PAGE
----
The head of the Bedouin municipality of Segev Shalom, Amar Abu Muamar, did me the honor of celebrating my 90th birthday at his home, in the presence of Rahat Mayor Talal al-Krenawi and many other Bedouin dignitaries from the Negev and the Galilee, and Bedouin veterans who served in the Israel Defense Forces. It was a chance to get reacquainted with what’s happening with the Bedouin in the Negev – and it was an eye-opener.
Amar Abu Muamar is the son of the legendary Sheikh Ouda Abu Muamar, the late leader of the Azazme tribe and a longtime friend of Israel. The population of Segev Shalom comprises members from the Azazme and Tarabin tribes.
The head of the local municipality is doing a splendid job guiding the young townsfolk – as well as those from the surrounding area – toward better education and integration into Israeli society.
But it seems like a cry in the wilderness. He is not getting the budgetary support he needs from the government, while fighting a rearguard defense against the inroads being made by the northern branch of the Islamic Movement in Israel.
Many teachers in the local schools have been brought in from the north and are adherents of the Islamic Movement. They preach hatred of Israel and denounce volunteering for military service, and have already succeeded in drastically decreasing the number of Bedouin from the Negev who volunteer for service in the IDF.
The army continues to be the primary path for the integration of young Bedouin into Israeli society, while simultaneously providing career opportunities. The success of the Islamic Movement is a defeat for Israel.
Another path offering integration into, and contributing to, Israeli society is civilian national service. I was surprised to hear that the number of Bedouin youngsters who wish to participate in this area is considerably larger than the available openings.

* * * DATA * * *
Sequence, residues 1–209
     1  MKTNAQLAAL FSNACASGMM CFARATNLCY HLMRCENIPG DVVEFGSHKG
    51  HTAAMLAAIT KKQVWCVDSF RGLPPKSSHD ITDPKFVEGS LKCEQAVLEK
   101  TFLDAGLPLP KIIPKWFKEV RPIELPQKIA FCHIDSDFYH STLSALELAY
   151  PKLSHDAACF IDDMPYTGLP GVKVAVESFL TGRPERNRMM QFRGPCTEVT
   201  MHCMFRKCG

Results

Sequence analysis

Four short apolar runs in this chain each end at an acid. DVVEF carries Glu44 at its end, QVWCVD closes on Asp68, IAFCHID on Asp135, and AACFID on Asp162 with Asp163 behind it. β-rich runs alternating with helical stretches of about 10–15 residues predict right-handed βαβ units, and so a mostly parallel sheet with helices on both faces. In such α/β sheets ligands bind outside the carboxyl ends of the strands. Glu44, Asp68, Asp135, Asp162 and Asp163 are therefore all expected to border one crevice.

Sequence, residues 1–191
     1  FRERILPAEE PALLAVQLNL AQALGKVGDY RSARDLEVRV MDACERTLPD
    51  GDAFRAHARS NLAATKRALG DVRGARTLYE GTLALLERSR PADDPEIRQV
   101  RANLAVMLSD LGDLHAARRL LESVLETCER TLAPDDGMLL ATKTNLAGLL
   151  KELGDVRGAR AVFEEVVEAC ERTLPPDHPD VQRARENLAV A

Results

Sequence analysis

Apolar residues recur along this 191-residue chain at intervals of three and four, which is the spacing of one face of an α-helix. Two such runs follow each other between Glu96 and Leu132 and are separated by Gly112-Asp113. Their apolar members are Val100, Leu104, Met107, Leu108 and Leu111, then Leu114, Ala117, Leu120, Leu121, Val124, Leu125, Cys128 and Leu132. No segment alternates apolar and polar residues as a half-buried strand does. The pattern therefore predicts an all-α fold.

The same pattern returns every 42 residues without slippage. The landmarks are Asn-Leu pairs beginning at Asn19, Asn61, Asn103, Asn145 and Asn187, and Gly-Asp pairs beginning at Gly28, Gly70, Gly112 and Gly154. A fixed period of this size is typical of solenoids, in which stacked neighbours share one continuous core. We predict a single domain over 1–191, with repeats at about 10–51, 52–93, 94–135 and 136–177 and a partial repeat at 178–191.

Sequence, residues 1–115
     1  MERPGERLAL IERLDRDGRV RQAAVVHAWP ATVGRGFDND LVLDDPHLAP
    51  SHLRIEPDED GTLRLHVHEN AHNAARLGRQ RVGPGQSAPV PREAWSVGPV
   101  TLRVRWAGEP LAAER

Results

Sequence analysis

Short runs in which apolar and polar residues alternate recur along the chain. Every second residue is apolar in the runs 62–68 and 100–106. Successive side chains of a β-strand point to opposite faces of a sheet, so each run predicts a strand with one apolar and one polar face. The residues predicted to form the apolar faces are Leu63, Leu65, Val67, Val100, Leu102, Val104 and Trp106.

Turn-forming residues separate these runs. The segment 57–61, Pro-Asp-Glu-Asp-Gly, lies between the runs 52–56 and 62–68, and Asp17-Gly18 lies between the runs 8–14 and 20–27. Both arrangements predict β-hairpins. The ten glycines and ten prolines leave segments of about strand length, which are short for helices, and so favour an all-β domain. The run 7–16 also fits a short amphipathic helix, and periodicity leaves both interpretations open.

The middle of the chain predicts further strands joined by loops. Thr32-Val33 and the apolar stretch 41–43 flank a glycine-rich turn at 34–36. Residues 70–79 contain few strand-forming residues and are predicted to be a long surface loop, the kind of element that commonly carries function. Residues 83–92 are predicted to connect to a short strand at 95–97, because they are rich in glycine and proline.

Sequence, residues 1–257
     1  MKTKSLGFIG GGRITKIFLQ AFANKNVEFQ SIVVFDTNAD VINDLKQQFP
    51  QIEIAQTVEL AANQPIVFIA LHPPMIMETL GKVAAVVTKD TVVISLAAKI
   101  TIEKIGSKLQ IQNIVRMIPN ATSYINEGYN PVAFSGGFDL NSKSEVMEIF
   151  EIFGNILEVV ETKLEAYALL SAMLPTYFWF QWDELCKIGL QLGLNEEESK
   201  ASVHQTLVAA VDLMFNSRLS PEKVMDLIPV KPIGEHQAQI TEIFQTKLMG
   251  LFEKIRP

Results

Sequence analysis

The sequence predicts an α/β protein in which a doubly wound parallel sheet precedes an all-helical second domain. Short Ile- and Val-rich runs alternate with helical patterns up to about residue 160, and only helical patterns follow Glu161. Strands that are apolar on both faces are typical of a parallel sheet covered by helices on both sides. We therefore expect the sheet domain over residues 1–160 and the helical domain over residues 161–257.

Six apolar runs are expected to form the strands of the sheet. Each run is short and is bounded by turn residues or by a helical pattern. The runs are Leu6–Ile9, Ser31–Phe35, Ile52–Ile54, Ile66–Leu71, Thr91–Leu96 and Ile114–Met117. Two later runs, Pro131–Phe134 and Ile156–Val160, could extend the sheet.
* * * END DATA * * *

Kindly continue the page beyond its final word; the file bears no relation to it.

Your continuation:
I had assumed that whoever wished to volunteer for national service would be welcomed with open arms – but this is not the case. Only a limited number of openings are made available to Bedouin youngsters from the Negev. This is a situation that needs to be corrected.
Another problem is higher education. There is a commendable desire for academic education. But many Bedouin youngsters find that Israeli academic education – universities and colleges – are beyond their reach. The entrance requirements are not compatible with the level of high-school education most of them receive.
As a result, many choose to pursue their academic education in Palestinian universities – like the College of Islamic Studies in Hebron and Bir Zeit University – that have far easier entrance requirements, and where tuition fees are considerably lower than at Israeli academic institutions. Obviously, they are not being taught love of Israel there.
This is no way to prepare them for life in Israel. What we need are special preparatory courses for Bedouin high-school graduates, which will prepare them for admission to Israel’s academic institutions. Here is a challenge for the Education Ministry.
All of this requires funding. In Segev Shalom, they hope that the recent government decision to allocate large sums to Israel’s Arab community will also reach them and help alleviate the many problems that they face.
The best indicator of the degree of adjustment of the Negev Bedouin to modern Israel and their integration into Israeli society is the annual number of volunteers for the IDF. Here, recent years have brought only bad news. Reversing this negative trend is a challenge for the IDF and the Defense Ministry. Bedouin who have served as officers in the IDF may well be the future leaders of the Bedouin population in the Negev.
The problems to be found in Segev Shalom are no doubt typical of the problems facing most Bedouin in the Negev. Hopefully, Amar Abu Muamar is typical of Bedouin leadership in the region.
Government ministers should take the time to visit Segev Shalom and learn how to deal with a major challenge facing Israel at this time.
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